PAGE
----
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The Two Eyes of the EarthArt and Ritual of Kingship between Rome and Sasanian Iran$
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Matthew Canepa

Print publication date: 2010

Print ISBN-13: 9780520257276

Published to California Scholarship Online: March 2012

DOI: 10.1525/california/9780520257276.001.0001

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Šāpūr I, King of Kings of Iran and Non-Iran

Šāpūr I, King of Kings of Iran and Non-Iran

Chapter:
(p.53) 4 Šāpūr I, King of Kings of Iran and Non-Iran
Source:
The Two Eyes of the Earth
Author(s):

Matthew P. Canepa

Publisher:
University of California Press
DOI:10.1525/california/9780520257276.003.0004

Šāpūr I's prodigious military successes and innovations in Sasanian kingship had a great impact on Sasanian royal identity and visual culture for this reason, as well as the fact that his reign, of all Sasanian rulers, yields the greatest number of triumphal images depicting Roman emperors. His reign is pivotal for Roman and Sasanian agonistic exchange, as it marks the first time in the two realms' relationship that the imperial identity of one king dramatically changed in response to the existence and claims of the other. Under Šāpūr I, Sasanian royal ideology underwent a rapid series of important developments that radically reformed the bounds, claims, and identity of kingship in Iran and had a significant impact on Roman-Sasanian relations. The shock that Šāpūr I's victories brought to the Roman empire and the gain in confidence that they wrought for the Sasanian royal identity were huge. This chapter explores the transformation of the Sasanian empire's visual culture under Šāpūr I, Šāpūr I's capture of Valerian and his army, and the palace complex of Bīšāpūr and Roman architectural ornament.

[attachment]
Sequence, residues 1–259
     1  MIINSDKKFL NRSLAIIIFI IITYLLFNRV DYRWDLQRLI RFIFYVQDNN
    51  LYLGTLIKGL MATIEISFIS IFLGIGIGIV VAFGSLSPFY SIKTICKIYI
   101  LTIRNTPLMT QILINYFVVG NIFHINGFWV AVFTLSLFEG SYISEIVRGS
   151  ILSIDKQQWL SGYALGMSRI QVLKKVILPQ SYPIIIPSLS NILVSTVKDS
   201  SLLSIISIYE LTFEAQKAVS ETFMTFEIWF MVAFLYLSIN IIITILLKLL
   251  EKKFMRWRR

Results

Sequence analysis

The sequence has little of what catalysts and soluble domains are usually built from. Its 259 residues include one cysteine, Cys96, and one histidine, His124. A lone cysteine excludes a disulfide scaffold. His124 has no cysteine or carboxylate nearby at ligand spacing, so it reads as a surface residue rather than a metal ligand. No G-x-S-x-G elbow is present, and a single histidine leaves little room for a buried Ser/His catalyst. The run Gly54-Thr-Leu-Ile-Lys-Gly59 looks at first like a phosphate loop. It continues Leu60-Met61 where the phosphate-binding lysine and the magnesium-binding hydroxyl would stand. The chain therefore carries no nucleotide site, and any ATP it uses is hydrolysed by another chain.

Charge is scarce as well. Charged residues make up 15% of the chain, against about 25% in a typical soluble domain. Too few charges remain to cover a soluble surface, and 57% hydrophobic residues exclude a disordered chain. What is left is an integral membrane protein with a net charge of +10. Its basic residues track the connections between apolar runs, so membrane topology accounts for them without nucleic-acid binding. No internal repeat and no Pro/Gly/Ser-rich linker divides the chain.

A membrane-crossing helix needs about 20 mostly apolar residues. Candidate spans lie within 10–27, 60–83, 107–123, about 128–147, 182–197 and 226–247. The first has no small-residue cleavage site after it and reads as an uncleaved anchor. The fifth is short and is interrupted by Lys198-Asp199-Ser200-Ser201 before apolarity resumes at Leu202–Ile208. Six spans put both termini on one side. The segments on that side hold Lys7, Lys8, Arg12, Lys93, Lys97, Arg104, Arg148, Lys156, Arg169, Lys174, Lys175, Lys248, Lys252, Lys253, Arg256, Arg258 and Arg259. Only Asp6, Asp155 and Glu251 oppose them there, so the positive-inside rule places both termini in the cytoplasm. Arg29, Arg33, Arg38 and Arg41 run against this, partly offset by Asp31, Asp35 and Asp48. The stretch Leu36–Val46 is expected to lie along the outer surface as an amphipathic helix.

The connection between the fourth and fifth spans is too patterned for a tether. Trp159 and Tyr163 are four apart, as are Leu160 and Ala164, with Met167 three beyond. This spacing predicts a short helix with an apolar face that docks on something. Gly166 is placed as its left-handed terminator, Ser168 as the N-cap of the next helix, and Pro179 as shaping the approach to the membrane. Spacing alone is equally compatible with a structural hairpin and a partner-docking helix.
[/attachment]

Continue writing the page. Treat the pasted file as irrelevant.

Keywords:   Roman empire, Sasanian empire, kingship, Šāpūr I, agonistic exchange, Iran, royal identity, visual culture, Valerian, Bīšāpūr

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